After months of negotiation and speculation, the reality of a NASCAR charter system has been revealed. NASCAR Chairman and CEO Brian France announced on Tuesday the new system, allowing for more financial equity for owners in the Sprint Cup Series, while cutting the size of the fields from 43 cars to 40.
The new system, pushed forward by the owners in the Race Team Alliance led by Chip Ganassi Racing investor Rob Kaufmann, will create more value in the teams for their owners, potentially sparking new interest from outside parties in investing in the sport. However, only 36 charters will be issued, allowing for four at-large teams to be in each race, and compete for the final four spots in the field.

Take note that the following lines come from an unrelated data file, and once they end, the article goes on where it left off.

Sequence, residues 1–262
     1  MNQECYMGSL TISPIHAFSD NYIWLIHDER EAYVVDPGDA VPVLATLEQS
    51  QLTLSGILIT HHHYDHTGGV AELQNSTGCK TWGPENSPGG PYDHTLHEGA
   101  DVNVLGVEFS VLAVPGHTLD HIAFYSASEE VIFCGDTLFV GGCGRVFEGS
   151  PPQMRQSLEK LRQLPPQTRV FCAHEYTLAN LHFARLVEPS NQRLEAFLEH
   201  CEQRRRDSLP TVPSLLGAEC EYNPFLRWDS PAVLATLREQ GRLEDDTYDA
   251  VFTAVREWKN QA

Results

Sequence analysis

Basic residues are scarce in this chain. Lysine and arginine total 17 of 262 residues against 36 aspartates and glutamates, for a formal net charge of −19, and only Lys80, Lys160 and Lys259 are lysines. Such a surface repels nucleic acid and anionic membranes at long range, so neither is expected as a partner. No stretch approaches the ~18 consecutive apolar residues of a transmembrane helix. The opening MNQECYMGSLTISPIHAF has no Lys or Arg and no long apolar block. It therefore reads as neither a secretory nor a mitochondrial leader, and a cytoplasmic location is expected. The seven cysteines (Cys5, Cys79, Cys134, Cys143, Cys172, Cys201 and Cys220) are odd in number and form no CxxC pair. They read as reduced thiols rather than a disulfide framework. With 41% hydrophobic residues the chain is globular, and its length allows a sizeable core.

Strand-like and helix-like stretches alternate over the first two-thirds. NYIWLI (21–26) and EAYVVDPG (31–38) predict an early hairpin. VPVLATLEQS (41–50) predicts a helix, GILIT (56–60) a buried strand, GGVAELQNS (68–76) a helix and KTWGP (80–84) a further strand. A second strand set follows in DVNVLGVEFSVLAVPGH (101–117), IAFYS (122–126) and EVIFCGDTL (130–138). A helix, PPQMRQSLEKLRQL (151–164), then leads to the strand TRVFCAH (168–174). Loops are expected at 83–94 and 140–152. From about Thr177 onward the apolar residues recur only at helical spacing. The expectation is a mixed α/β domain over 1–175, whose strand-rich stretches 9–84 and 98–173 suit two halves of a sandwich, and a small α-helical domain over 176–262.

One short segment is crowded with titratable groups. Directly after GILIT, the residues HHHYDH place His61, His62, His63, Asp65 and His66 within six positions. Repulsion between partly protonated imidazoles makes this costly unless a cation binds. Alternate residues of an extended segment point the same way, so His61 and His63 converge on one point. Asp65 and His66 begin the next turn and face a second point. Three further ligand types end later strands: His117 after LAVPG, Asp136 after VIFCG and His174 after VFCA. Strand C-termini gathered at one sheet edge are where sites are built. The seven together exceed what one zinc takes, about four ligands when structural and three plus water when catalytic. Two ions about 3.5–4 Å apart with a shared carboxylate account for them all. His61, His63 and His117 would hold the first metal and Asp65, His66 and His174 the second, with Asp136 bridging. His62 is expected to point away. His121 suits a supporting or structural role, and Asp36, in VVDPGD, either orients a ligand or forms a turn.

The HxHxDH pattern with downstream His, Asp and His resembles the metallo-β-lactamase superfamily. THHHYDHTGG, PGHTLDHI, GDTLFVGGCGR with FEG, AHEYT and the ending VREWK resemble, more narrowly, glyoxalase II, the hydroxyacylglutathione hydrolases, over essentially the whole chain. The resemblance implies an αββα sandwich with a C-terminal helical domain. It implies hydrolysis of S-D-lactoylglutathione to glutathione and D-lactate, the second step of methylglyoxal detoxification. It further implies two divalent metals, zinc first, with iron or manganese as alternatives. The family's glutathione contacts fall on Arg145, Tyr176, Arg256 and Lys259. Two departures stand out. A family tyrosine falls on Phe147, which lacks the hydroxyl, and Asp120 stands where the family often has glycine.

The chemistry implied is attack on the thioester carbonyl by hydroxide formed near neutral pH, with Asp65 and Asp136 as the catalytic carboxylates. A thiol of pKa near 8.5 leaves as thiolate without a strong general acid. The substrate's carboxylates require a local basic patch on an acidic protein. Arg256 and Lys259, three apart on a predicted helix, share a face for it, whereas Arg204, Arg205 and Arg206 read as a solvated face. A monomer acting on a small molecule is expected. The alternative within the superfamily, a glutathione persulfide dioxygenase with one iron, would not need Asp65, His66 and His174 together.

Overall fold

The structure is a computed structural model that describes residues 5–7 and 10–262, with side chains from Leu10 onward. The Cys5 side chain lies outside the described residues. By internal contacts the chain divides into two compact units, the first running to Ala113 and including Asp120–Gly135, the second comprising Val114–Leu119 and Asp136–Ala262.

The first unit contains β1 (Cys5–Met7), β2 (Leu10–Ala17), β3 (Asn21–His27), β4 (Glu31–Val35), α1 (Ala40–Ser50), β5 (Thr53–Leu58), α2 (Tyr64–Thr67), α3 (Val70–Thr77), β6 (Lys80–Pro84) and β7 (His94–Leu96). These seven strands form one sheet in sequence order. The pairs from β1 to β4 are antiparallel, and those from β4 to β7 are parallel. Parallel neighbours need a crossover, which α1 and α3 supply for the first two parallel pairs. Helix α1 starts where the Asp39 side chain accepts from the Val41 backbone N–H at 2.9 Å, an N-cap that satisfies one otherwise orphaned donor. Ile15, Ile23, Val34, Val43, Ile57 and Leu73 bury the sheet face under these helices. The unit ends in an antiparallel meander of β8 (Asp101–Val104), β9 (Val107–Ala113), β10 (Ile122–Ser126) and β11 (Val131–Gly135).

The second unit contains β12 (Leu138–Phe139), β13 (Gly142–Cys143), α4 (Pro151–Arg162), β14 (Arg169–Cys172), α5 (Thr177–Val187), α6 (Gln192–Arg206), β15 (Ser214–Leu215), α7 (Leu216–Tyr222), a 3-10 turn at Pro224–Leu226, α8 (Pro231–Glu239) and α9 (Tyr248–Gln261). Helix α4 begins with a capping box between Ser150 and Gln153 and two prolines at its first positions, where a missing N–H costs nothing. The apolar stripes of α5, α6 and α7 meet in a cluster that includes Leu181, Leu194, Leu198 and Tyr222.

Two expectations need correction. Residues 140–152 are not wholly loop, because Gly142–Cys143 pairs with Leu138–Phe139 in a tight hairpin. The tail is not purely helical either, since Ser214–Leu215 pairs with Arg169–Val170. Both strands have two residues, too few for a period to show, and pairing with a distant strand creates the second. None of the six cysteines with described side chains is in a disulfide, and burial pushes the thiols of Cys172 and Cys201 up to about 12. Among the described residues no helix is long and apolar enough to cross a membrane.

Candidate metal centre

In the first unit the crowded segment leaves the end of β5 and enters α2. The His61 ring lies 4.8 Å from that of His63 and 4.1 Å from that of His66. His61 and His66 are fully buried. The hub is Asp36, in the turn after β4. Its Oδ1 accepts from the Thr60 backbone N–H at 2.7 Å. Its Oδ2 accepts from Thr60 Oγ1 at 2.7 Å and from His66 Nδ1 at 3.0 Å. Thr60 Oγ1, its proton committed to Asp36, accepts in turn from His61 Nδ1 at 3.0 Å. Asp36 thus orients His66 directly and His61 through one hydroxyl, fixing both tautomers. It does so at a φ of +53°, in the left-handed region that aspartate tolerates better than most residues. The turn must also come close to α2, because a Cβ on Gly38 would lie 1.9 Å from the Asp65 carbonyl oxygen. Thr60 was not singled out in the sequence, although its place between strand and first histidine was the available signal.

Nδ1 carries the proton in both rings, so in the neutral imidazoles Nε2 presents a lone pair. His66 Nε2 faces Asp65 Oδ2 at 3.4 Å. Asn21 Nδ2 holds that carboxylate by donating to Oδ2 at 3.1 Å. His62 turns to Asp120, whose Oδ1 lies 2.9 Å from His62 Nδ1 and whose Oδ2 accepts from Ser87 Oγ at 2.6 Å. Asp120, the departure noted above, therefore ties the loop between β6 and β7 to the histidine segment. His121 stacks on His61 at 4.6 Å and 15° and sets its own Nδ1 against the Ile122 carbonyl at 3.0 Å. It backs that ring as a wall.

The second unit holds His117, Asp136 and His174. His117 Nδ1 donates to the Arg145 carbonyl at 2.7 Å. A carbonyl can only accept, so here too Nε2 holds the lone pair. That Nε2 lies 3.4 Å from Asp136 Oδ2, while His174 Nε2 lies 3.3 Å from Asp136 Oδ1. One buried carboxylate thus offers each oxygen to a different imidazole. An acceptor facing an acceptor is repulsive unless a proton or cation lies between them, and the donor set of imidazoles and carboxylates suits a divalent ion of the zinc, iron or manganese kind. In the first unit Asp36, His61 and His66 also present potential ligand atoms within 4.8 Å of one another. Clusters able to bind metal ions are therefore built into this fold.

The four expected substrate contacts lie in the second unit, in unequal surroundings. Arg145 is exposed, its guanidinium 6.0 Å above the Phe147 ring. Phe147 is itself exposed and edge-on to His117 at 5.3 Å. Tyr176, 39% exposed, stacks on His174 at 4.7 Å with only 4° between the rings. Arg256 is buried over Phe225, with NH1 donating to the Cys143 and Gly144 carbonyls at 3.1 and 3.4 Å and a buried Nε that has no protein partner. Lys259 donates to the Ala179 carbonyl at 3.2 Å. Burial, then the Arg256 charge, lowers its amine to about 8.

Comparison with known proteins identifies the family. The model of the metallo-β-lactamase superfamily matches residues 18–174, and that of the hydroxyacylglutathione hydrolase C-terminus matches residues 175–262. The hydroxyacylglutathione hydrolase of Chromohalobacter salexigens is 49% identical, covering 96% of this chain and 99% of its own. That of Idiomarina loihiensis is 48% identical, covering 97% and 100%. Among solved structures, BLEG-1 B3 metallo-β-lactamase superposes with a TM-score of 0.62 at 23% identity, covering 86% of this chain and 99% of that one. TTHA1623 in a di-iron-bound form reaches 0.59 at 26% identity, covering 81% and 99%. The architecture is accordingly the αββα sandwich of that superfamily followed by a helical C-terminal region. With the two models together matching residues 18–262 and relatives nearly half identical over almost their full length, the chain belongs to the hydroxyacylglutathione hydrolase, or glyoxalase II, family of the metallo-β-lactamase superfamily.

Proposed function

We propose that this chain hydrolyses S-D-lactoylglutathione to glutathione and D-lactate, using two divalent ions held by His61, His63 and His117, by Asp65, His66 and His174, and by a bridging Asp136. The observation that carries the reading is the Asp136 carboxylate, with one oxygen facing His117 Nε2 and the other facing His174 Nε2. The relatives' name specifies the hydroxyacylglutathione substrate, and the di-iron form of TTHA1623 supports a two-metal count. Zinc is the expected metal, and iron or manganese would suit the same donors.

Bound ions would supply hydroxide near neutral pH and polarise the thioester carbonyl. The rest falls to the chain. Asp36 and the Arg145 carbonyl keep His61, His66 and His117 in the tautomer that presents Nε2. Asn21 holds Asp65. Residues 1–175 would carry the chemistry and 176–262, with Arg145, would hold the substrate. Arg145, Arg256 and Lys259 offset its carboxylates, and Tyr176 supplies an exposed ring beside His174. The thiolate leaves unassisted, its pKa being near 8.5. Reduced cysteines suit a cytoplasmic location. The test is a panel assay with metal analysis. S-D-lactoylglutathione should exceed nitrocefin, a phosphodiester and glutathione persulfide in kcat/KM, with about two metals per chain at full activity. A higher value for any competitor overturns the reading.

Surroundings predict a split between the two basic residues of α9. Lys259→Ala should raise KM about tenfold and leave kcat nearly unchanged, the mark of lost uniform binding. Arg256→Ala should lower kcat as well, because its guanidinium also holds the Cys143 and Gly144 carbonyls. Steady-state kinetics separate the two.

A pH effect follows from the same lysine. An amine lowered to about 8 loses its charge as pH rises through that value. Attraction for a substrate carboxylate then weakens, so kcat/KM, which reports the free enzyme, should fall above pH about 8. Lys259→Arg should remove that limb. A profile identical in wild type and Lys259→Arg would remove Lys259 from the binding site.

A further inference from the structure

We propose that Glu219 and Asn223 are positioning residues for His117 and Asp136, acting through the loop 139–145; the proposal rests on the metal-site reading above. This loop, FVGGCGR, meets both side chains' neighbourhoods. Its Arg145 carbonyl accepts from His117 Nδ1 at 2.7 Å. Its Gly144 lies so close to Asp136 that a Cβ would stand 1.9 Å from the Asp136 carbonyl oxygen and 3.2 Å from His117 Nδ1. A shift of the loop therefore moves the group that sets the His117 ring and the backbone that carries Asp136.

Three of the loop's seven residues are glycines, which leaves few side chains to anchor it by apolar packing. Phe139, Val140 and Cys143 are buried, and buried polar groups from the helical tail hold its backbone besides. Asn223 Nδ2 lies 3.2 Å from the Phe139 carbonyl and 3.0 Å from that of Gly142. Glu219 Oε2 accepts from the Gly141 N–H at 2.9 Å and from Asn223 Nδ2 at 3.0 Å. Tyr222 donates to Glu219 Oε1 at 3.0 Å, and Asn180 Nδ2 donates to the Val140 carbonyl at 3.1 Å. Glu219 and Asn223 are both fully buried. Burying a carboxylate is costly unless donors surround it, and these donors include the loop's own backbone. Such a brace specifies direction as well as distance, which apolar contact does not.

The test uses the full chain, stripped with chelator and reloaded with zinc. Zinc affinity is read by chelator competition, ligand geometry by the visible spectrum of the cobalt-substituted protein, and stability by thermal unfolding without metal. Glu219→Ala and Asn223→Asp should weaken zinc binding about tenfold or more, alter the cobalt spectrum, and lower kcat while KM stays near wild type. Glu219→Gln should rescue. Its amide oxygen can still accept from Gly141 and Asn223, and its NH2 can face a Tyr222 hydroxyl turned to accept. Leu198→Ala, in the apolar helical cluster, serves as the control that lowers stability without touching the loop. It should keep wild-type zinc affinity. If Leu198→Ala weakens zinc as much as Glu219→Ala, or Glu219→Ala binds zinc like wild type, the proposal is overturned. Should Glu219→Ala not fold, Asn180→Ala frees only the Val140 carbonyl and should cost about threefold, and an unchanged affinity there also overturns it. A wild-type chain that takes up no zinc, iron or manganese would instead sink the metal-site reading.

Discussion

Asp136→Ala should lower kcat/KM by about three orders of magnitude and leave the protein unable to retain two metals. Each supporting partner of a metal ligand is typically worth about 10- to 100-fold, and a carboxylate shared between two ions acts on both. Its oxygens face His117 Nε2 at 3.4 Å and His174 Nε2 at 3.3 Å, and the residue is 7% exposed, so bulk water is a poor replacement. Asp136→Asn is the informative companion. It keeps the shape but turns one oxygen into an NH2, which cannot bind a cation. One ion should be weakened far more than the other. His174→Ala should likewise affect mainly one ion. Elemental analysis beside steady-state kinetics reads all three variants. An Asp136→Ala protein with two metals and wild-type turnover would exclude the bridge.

Charters will be distributed to the 36 full-time teams that have competed since 2013. Meanwhile, the price will be set early on for the cost of a charter as Rob Kaufmann will likely sell his two charter from the former Michael Waltrip Racing team to Joe Gibbs Racing (for the #19) and Stewart-Haas Racing (for the #41).
At the announcement, France touted the improvements it will bring to the premier level of racing: “this arrangement…will allow for more competitive race teams.” Among the owners present included those from Richard Petty Motorsports, Roush-Fenway Racing, Tommy Baldwin Racing, and Chip Ganassi Racing.
Main Image Credit
Main Photo Caption: HOMESTEAD, FL – NOVEMBER 22: Kevin Harvick, driver of the #4 Budweiser/Jimmy John’s Chevrolet, leads a pack of cars during the NASCAR Sprint Cup Series Ford EcoBoost 400 at Homestead-Miami Speedway on November 22, 2015 in Homestead, Florida. (Photo by Robert Laberge/Getty Images)